BIGELOW — Jason Trantina comes from a farming background, albeit a bit different than the farming operation he and his family have today.
“My grandfather owned row-crop farms in Iowa, and I loved visiting there as a kid,” Jason said. “I grew up in Conway and always wanted my own small cattle herd, maybe 20 acres and 10 cows.”
Today, Jason, 44, and his wife, Christy, 48, raise cattle and hay, and a few bees as a hobby, producing about 70 pints of honey a year. They are the 2018 Perry County Farm Family of the Year.
Jason and Christy have been married for 17 years. They have a blended family — a daughter, Shannon Trantina, 15; son Joshua Trantina, 12; and son Ethan Horton, 26, and his 2-year-old son, Gage. They all live on the family farm, near the banks of the Arkansas River in Perry County. Jason and Christy also own the Toad Suck One-Stop convenience store at the Perry-Faulkner County line.
Jason said he was “surprised” when he learned his family had been named the Perry County Farm Family of the Year.
“When I think of farms that have received this kind of honor, I usually think of row-crop farmers,” he said. “We are just a small operation.”
Christy said she is pleased that Jason is being recognized.
“He runs an efficient operation,” she said. “He always gives 150 percent. He does everything as well as he can.”
Jason said a typical day for him starts at 2:30 a.m. and ends when he’s done.
“Shannon and the kids help, too,” he said. “They do whatever they are asked to do. We work together a lot as a family.”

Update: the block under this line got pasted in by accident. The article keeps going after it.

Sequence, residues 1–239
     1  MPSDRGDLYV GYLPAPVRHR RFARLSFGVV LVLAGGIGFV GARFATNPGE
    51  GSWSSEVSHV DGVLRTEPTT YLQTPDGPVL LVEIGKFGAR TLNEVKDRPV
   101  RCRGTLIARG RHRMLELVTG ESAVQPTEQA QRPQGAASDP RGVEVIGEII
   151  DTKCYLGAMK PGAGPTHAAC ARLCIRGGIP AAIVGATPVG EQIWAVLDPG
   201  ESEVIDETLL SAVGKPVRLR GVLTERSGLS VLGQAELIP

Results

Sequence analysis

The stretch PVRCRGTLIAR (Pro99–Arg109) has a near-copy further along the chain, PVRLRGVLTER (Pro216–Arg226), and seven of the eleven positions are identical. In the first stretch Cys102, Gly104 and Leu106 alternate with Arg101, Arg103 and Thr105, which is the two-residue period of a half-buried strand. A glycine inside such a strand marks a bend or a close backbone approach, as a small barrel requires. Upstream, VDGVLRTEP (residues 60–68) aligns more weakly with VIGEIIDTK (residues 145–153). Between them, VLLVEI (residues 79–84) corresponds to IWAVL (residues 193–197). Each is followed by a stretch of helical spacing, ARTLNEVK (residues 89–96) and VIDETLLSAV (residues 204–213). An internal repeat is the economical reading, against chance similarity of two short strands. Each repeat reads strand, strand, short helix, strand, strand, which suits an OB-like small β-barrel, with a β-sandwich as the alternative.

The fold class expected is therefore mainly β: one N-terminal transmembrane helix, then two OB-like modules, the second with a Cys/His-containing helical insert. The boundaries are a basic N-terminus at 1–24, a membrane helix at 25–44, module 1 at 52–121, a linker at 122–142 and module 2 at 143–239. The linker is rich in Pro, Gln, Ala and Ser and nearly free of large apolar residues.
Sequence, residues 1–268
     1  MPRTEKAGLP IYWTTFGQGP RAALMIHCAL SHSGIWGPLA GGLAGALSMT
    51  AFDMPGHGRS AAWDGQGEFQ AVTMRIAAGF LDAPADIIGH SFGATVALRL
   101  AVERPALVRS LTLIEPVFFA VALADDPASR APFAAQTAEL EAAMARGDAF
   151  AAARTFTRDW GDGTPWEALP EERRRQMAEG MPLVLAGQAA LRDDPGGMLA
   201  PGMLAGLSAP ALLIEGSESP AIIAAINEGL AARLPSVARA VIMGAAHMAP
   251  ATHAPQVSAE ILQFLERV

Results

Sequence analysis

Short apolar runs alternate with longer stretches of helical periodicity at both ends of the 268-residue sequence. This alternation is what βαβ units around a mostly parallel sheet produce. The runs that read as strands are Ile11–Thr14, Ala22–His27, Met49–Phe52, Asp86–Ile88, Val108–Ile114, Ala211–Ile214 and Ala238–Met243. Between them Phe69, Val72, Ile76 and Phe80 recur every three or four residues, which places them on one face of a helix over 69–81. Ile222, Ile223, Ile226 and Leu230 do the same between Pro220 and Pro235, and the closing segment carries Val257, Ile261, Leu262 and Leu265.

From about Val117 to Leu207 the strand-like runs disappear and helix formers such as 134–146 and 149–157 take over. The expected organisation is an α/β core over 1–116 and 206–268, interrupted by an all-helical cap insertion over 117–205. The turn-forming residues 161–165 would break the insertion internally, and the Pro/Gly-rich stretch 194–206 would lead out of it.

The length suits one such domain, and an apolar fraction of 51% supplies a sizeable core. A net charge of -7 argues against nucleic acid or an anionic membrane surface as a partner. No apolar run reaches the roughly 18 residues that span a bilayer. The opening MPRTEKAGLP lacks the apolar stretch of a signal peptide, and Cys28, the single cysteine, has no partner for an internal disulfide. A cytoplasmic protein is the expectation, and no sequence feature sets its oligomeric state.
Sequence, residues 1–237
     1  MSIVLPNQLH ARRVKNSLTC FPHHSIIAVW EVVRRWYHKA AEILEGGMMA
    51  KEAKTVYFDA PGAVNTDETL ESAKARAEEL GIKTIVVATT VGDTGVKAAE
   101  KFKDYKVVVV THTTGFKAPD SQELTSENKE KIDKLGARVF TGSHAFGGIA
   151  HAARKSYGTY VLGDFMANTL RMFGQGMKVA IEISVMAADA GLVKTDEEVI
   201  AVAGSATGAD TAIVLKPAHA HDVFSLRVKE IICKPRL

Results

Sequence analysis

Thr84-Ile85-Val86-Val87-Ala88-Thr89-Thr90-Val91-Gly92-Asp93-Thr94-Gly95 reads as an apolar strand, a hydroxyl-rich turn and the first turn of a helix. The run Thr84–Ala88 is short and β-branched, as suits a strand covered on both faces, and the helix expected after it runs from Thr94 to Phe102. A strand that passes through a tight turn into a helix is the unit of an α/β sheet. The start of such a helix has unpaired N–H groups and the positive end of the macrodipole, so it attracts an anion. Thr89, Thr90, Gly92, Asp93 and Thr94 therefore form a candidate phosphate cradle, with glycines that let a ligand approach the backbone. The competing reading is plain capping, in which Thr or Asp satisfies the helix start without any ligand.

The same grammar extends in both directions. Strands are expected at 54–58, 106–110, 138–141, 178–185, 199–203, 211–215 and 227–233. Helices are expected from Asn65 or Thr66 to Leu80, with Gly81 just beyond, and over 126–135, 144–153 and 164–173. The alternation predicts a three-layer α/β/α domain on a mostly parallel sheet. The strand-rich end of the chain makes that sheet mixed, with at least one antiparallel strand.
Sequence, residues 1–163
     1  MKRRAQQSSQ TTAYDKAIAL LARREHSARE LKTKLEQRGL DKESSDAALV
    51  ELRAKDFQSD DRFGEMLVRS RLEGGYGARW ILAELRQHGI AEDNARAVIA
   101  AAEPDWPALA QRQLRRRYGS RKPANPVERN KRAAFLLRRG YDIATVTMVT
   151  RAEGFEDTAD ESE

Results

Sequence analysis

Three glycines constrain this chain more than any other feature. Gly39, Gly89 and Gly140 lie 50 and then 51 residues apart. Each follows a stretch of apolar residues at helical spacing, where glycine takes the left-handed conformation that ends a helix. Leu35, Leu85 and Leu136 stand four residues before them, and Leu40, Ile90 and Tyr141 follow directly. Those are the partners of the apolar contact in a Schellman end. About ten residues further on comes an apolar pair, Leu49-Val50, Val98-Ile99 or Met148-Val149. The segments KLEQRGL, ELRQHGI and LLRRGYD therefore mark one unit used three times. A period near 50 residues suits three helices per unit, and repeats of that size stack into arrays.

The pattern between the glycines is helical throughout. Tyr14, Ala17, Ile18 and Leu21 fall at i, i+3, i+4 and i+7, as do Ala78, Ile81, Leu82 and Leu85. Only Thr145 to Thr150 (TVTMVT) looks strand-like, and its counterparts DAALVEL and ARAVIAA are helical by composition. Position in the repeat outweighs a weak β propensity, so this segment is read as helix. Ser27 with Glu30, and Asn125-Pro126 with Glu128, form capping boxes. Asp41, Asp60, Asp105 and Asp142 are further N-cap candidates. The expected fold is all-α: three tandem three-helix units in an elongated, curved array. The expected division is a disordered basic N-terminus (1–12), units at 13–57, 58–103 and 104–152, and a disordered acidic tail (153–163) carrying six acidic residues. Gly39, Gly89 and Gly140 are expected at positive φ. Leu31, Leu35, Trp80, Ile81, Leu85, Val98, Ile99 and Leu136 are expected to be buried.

“He makes us work hard, but he brings us joy as well,” Christy said of her husband. “He can be like a kid at heart. He keeps us laughing.”
The Trantinas have been farming for 17 years. They started with 40 acres and have increased the farm to 208 acres, owning 90 acres and renting the remaining acreage.
They raise registered Angus cattle, which include 30 cow/calf pairs, replacement heifers and bulls. They raise 118 acres of hay, irrigating 50 of those acres, and average four 4-by-5-foot round bales per acre.
Jason said they sell their cattle by word of mouth, as well as to repeat buyers and sometimes through a newspaper ad.
He said they sell their hay mainly “through our convenience store, Toad Suck One-Stop — also by word of mouth, repeat buyers and an occasional newspaper ad.
“Toad Suck One-Stop is our family-owned convenience store and is located next to our main hayfield. In addition to fuel, groceries and a bait-and-tackle shop, we offer resources for local farmers, including off-road diesel, non-ethanol fuel, feed, hay and wheat straw. This provides an avenue to sell our hay and keeps us in communication with area farmers.”
Jason has managed the Toad Suck One-Stop since 1997, and he and Christy bought the business in 2006.
“We believe in doing things the right way, and we want our farming operation to be the best it can be,” he said. “Our goal is to provide top-quality square and round bale hay and top-quality Angus cattle, continually improving fertility and weaning weights.
“We don’t have any major obstacles to overcome, thankfully,” he said, “just the usual weather and animal-related incidents, weed control … and army worms — haven’t solved that yet.”
Jason said future plans include expanding the cattle operation to 50 cow/calf pairs.
And “if the price is right,” Jason said, “we would continue to purchase property to grow our hay operation.”
Christy grew up on a cattle farm in Leslie. Her dad and grandfather raised registered Simmental cattle.
“I really did not want to live on a farm as an adult,” Christy said, smiling, “but that all changed when I met Jason.
“We love our farm life. There is a lot of value in